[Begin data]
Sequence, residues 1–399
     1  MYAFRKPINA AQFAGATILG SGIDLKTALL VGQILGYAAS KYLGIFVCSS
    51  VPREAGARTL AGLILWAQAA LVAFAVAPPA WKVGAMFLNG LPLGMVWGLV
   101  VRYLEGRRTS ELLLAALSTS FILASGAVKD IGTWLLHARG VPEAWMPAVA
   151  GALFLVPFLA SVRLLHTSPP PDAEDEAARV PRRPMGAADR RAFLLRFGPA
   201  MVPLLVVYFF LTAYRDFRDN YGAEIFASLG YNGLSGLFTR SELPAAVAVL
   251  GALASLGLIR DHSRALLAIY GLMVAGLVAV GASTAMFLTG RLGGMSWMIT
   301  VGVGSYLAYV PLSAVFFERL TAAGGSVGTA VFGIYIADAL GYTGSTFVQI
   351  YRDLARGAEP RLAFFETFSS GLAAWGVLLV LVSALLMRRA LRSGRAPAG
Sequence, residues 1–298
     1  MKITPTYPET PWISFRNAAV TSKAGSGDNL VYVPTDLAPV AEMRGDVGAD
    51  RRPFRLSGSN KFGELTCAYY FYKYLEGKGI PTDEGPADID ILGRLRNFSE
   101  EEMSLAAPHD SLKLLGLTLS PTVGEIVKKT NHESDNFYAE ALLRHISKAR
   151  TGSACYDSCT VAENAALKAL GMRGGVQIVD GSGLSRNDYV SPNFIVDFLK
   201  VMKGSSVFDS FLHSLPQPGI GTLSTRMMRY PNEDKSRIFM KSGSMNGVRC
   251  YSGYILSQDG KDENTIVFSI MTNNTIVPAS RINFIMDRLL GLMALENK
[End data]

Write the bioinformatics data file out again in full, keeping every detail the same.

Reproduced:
Sequence, residues 1–399
     1  MYAFRKPINA AQFAGATILG SGIDLKTALL VGQILGYAAS KYLGIFVCSS
    51  VPREAGARTL AGLILWAQAA LVAFAVAPPA WKVGAMFLNG LPLGMVWGLV
   101  VRYLEGRRTS ELLLAALSTS FILASGAVKD IGTWLLHARG VPEAWMPAVA
   151  GALFLVPFLA SVRLLHTSPP PDAEDEAARV PRRPMGAADR RAFLLRFGPA
   201  MVPLLVVYFF LTAYRDFRDN YGAEIFASLG YNGLSGLFTR SELPAAVAVL
   251  GALASLGLIR DHSRALLAIY GLMVAGLVAV GASTAMFLTG RLGGMSWMIT
   301  VGVGSYLAYV PLSAVFFERL TAAGGSVGTA VFGIYIADAL GYTGSTFVQI
   351  YRDLARGAEP RLAFFETFSS GLAAWGVLLV LVSALLMRRA LRSGRAPAG
Sequence, residues 1–298
     1  MKITPTYPET PWISFRNAAV TSKAGSGDNL VYVPTDLAPV AEMRGDVGAD
    51  RRPFRLSGSN KFGELTCAYY FYKYLEGKGI PTDEGPADID ILGRLRNFSE
   101  EEMSLAAPHD SLKLLGLTLS PTVGEIVKKT NHESDNFYAE ALLRHISKAR
   151  TGSACYDSCT VAENAALKAL GMRGGVQIVD GSGLSRNDYV SPNFIVDFLK
   201  VMKGSSVFDS FLHSLPQPGI GTLSTRMMRY PNEDKSRIFM KSGSMNGVRC
   251  YSGYILSQDG KDENTIVFSI MTNNTIVPAS RINFIMDRLL GLMALENK